Why and by whom was Korea divided in North and South

Korea was divided into North and South following the end of World War II in 1945. The division occurred as a result of the geopolitical developments and agreements made by the major powers at the time.

Jul 27, 2023 - 19:57
Why and by whom was Korea divided in North and South
Image by Library of the US Congress

Before World War II, Korea was a single country under Japanese colonial rule. However, after Japan's surrender in 1945, the Korean peninsula became a focal point for the emerging Cold War tensions between the United States and the Soviet Union.

At the Yalta Conference, held in February 1945, the leaders of the Allied powers (the United States, the Soviet Union, and the United Kingdom) discussed the post-war division of territories previously occupied by Japan. It was agreed that Korea would be temporarily divided along the 38th parallel into two occupation zones. The Soviet Union was to administer the northern part, while the United States would oversee the southern part.

Following Japan's surrender in August 1945, Korean independence was declared. However, the division of the country into Soviet and American zones was implemented, leading to the establishment of two separate administrations: one in the North (under Soviet influence) and one in the South (under American influence).

In 1948, both the northern zone (North Korea) and the southern zone (South Korea) established separate governments. North Korea established a communist government under Kim Il-sung, who later became its leader. South Korea established a more pro-Western government under Syngman Rhee.

The division of Korea was intended to be temporary, with the plan to hold nationwide elections to create a unified Korean government. However, due to the escalating Cold War tensions and the inability to reach an agreement on the elections, separate governments were established in the North and the South.

The Korean War (1950-1953)

The Korean War occurred during the broader context of the Cold War, a period of heightened tensions between the United States and its allies (the Western bloc) and the Soviet Union and its allies (the Eastern bloc). 

Tensions between North and South Korea escalated, leading to the outbreak of the Korean War in 1950. The U.S. was following a policy of containment, aiming to prevent the spread of communism and Soviet influence. The invasion of South Korea by the communist North Korea was seen as a challenge to this policy.

The U.S. saw the invasion of South Korea as a threat to the stability of the region and a potential escalation of communist aggression. The U.S. government and its allies believed that defending South Korea was crucial to preventing the further spread of communism in Asia.

Korea held strategic importance for the United States in its efforts to maintain influence in Asia. Control of the Korean Peninsula could potentially impact access to resources and trade routes in the region.

The U.S. government was concerned that allowing North Korea's invasion of South Korea to succeed could embolden communist powers elsewhere to pursue aggressive actions, potentially leading to further conflicts and challenges to the U.S. and its allies.

President Harry S. Truman's administration was committed to opposing communist expansion and saw the defense of South Korea as a vital test of American resolve in the face of communist aggression.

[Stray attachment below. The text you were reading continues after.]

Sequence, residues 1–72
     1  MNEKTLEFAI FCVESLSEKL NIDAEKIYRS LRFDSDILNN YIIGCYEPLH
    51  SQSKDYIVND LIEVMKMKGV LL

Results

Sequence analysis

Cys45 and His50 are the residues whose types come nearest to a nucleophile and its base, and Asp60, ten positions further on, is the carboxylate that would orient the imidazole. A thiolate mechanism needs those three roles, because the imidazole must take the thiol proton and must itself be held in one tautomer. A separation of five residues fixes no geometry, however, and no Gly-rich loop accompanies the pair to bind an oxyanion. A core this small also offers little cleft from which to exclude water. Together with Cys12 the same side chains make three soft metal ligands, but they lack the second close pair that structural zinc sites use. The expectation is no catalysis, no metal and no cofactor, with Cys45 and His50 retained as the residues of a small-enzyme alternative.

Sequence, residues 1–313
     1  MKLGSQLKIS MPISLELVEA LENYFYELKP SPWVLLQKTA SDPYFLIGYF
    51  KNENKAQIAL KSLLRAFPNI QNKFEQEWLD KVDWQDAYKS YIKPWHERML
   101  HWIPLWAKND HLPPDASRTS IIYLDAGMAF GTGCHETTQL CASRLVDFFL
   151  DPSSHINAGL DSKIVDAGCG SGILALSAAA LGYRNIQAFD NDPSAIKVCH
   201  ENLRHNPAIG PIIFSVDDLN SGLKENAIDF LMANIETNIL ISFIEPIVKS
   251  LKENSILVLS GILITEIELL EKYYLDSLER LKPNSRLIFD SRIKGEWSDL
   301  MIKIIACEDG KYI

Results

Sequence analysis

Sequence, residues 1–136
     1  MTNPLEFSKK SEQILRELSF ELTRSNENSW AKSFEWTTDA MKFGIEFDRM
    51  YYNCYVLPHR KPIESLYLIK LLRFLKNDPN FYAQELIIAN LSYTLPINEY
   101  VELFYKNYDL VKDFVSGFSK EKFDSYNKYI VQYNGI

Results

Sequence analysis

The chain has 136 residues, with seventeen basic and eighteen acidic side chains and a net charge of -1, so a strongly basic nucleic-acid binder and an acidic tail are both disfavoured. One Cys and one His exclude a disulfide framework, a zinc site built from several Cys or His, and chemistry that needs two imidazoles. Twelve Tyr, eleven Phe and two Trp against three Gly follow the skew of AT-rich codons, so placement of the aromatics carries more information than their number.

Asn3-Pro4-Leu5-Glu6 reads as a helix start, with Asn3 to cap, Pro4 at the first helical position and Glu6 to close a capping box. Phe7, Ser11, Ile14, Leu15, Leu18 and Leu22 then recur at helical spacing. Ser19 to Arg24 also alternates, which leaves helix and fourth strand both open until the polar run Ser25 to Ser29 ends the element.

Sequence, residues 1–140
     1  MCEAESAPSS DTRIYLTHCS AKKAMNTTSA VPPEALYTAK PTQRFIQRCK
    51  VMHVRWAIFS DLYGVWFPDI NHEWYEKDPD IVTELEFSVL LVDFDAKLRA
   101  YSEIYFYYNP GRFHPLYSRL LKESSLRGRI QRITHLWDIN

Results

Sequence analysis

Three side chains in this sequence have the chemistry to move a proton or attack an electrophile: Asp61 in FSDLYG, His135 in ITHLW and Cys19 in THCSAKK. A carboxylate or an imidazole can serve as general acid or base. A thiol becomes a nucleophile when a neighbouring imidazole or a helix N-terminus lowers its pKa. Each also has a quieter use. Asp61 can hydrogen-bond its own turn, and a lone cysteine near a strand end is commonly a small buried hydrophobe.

The Korean War, which lasted from June 25, 1950, to July 27, 1953, resulted in a significant loss of life on all sides involved in the conflict. Determining the exact number of deaths is challenging due to varying estimates and limited access to accurate records, especially from North Korea. Additionally, the war involved multiple countries, including China, which further complicates casualty calculations.

Here are some estimated figures for the number of deaths during the Korean War:

  • Military Deaths:

    • South Korea: It is estimated that South Korea suffered around 137,899 military deaths.
    • United States: The U.S. Department of Defense reports approximately 36,516 military deaths of U.S. service members during the Korean War.
    • Other United Nations Forces: Various UN forces, including those from countries like the United Kingdom, Canada, Turkey, and others, also suffered significant military casualties.
  • Civilian Deaths:

    • South Korea: Civilian deaths in South Korea are estimated to be around 415,000.
    • North Korea: Due to limited information and restricted access, estimating civilian deaths in North Korea is more challenging. Some estimates suggest that North Korea may have suffered hundreds of thousands of civilian deaths.
  • Chinese People's Volunteer Army: China, which entered the war in support of North Korea, is believed to have had tens of thousands of military deaths.

The total number of casualties, including military and civilian deaths from all sides, is estimated to be in the millions. The war was marked by intense and brutal fighting, including major battles and offensives that resulted in heavy casualties.

These figures are approximations and may vary among different sources. The Korean War's human toll serves as a somber reminder of the devastating impact of armed conflicts and the lasting scars they leave on nations and communities.

The war ended in an armistice rather than a formal peace treaty, and as a result, North and South Korea technically remain in a state of war. The division of Korea into North and South has persisted to this day, with both countries taking different political and economic paths and maintaining separate political systems. The Korean Peninsula remains one of the world's most contentious regions, and reunification remains a complex and challenging goal.

Janet Bluesky Member of EA Coordination Team